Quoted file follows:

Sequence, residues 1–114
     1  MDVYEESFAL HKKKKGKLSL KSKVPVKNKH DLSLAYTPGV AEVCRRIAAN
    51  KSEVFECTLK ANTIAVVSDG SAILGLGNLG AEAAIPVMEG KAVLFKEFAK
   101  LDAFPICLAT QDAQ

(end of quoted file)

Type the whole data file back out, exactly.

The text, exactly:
Sequence, residues 1–114
     1  MDVYEESFAL HKKKKGKLSL KSKVPVKNKH DLSLAYTPGV AEVCRRIAAN
    51  KSEVFECTLK ANTIAVVSDG SAILGLGNLG AEAAIPVMEG KAVLFKEFAK
   101  LDAFPICLAT QDAQ